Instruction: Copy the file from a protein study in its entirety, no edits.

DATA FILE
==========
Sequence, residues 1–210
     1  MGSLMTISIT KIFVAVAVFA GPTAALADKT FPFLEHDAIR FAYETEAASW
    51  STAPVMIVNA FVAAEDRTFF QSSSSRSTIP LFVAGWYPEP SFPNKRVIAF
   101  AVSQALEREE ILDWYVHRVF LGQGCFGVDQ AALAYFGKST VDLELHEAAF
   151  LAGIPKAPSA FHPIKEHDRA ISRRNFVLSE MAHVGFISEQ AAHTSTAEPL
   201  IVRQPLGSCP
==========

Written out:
Sequence, residues 1–210
     1  MGSLMTISIT KIFVAVAVFA GPTAALADKT FPFLEHDAIR FAYETEAASW
    51  STAPVMIVNA FVAAEDRTFF QSSSSRSTIP LFVAGWYPEP SFPNKRVIAF
   101  AVSQALEREE ILDWYVHRVF LGQGCFGVDQ AALAYFGKST VDLELHEAAF
   151  LAGIPKAPSA FHPIKEHDRA ISRRNFVLSE MAHVGFISEQ AAHTSTAEPL
   201  IVRQPLGSCP